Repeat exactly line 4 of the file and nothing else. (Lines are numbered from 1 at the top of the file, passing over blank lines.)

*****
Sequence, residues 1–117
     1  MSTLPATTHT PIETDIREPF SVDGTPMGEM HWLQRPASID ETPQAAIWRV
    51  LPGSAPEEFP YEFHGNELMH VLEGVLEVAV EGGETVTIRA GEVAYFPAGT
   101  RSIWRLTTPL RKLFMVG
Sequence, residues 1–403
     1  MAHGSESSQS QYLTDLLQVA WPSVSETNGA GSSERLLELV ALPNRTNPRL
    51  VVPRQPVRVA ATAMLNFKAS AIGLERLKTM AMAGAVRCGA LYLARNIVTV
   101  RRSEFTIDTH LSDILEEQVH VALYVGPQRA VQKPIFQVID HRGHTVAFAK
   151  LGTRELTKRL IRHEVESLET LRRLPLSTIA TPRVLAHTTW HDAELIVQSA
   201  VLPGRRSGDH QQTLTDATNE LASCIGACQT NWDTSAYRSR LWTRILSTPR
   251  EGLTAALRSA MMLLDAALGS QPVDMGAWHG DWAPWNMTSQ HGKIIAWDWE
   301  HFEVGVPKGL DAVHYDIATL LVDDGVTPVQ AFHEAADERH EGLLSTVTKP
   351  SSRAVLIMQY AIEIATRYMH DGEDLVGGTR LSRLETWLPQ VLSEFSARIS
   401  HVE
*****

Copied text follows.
   101  RSIWRLTTPL RKLFMVG